alpha-glucosidase inhibitor


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Related to alpha-glucosidase inhibitor: thiazolidinedione

α-glucosidase inhibitor

an oral agent that aids in the control of diabetes mellitus by delaying the absorption of glucose from the digestive system.

alpha-glucosidase inhibitor

any of a group of oral antihyperglycemic agents that act by competitive inhibition of alpha-glucosidase, delaying intestinal carbohydrate absorption and lessening postprandial increases in glucose levels.

alpha-glucosidase inhibitor

An oral drug that lowers blood sugars by preventing carbohydrate absorption from the gastrointestinal tract.
See also: inhibitor

α-glu·co·si·dase in·hib·i·tor

(glū-kō'si-dās in-hib'i-tŏr)
Oral agent that aids control of diabetes mellitus by delaying absorption of glucose from digestive system.
References in periodicals archive ?
Alpha-glucosidase inhibitors in diabetes: Efficacy in NIDDM subjects.
There are now two alpha-glucosidase inhibitors (AL-fa gloo-KOS-ih-dayss in-HIB-it-ers): acarbose (AK-er-bose) and miglitol (MIG-lih-tall).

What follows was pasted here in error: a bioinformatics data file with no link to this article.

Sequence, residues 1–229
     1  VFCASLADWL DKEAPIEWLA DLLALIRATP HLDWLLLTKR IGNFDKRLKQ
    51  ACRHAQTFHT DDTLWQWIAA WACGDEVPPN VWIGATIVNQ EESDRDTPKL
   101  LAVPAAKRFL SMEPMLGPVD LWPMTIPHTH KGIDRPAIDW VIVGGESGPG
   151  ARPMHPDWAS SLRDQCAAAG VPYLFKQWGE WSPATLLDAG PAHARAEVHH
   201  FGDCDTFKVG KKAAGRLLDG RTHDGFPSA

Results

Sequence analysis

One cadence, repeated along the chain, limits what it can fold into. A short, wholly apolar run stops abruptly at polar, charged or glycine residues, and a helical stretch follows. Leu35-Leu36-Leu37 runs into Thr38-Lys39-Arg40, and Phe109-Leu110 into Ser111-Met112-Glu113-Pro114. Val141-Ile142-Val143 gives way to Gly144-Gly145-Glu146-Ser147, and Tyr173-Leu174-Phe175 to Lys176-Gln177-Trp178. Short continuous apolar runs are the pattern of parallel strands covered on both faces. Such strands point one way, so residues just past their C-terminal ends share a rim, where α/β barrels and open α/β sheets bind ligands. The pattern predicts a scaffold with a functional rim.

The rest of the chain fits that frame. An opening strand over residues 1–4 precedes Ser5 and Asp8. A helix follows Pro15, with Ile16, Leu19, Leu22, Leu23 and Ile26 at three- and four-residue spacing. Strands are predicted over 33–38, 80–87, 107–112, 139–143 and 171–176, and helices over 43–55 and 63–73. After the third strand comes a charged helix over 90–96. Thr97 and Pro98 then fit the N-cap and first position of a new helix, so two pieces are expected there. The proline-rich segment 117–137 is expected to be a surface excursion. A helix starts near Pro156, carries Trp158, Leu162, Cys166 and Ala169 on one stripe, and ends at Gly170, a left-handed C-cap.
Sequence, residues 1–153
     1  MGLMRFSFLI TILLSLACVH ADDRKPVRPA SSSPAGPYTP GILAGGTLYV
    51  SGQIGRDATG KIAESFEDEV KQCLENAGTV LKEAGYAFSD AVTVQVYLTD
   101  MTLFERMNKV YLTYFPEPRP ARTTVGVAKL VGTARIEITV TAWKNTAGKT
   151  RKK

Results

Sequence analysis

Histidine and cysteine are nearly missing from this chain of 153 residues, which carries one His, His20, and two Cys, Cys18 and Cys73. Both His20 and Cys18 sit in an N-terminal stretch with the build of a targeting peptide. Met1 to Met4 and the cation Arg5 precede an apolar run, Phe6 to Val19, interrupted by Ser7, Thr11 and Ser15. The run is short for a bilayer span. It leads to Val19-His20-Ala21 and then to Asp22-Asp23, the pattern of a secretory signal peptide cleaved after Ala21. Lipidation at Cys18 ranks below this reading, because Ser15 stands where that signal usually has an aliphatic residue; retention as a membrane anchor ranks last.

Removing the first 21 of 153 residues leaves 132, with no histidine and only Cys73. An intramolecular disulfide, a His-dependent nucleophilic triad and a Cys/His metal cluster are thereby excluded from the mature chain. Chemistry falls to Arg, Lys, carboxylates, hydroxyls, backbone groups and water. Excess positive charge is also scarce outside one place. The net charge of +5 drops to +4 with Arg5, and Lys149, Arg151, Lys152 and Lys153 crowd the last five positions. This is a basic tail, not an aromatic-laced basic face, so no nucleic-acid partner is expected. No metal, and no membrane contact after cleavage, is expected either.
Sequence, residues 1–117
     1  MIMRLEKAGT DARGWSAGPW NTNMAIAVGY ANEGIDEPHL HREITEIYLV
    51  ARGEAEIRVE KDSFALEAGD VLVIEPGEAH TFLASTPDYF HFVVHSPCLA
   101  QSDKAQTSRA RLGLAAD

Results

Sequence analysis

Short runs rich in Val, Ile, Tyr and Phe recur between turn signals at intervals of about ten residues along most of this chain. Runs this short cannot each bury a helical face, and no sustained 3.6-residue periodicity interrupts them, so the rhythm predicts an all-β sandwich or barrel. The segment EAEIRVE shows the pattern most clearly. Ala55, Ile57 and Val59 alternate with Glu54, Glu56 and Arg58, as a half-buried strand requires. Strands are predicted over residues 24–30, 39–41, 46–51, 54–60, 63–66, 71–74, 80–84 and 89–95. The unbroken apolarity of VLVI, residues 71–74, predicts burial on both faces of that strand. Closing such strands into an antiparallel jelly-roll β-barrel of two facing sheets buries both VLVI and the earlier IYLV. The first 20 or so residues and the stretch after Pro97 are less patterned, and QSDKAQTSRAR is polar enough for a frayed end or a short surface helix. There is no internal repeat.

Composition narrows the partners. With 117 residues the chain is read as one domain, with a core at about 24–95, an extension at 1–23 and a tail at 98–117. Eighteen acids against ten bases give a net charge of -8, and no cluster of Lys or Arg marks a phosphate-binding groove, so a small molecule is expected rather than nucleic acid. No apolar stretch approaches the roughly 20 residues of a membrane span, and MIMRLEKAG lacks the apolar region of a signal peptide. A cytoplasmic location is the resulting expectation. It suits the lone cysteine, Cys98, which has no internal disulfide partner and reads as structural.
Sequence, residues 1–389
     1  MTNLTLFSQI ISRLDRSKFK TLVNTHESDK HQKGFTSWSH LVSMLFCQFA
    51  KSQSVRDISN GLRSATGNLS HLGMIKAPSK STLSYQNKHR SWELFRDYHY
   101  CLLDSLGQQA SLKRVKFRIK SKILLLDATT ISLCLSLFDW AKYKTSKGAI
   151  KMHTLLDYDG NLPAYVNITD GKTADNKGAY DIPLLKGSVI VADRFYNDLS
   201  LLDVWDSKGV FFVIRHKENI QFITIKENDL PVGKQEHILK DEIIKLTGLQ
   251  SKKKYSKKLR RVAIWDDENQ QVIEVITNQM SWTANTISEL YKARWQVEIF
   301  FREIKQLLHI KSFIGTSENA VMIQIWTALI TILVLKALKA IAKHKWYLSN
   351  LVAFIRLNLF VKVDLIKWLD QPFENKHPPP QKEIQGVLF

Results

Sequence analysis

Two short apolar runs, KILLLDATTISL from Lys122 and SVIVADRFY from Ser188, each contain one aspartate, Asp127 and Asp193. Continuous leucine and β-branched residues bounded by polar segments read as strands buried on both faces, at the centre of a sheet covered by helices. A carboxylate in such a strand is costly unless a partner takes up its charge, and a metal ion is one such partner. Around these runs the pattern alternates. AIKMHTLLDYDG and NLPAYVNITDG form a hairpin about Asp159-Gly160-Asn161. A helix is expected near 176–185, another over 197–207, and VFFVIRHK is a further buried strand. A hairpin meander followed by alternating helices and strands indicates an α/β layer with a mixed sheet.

Alpha-glucosidase inhibitors block intestinal absorption of carbohydrates.
There are now two alpha-glucosidase inhibitors, acarbose (AK-er-bose) and miglitol (MIG-leh-tall).
The alpha-glucosidase inhibitors are effective in lowering PPG because they delay carbohydrate absorption, with one meta-analysis reporting mean reductions of 42 and 49 mg/dL for acarbose and miglitol, respectively.
Thiazolidinediones, sulfonylureas, meglitinides, dipeptidyl-peptidase 4 (DPP-4) inhibitors, amylin agonists and alpha-glucosidase inhibitors are some of the different treatment classes available to type 2 diabetics - some are oral medications, whereas others must be injected.
12-15 Alpha-glucosidase inhibitors (AGIs) and dipeptidyl peptidase 4 inhibitors (DPP4i) may also be prescribed.
Not discussed are the alpha-glucosidase inhibitors, the glinides, or pramlintide, which were not included in the 2 tiers of preferred therapies by the ADA/EASD panel.
Alpha-glucosidase inhibitors delay the digestion of oligosaccharide and disaccharide to monosaccharide by inhibiting [alpha]-glucosidases on the small intestinal brush-border, and reduce the rate of glucose absorption.
In the retail arena pharmacists who had been dispensing sulfonylureas, oral drugs that stimulate the pancreas to work harder to make insulin (and sometimes helping the body to more effectively use insulin), are also now receiving prescription orders for biguanides and, more recently, alpha-glucosidase inhibitors.
Medications for type 2 diabetes come in various classes, including alpha-glucosidase inhibitors, amylin agonists, dipeptidyl-peptidase 4 (DPP-4) inhibitors, meglitinides, sulfonylureas, and thiazolidinediones.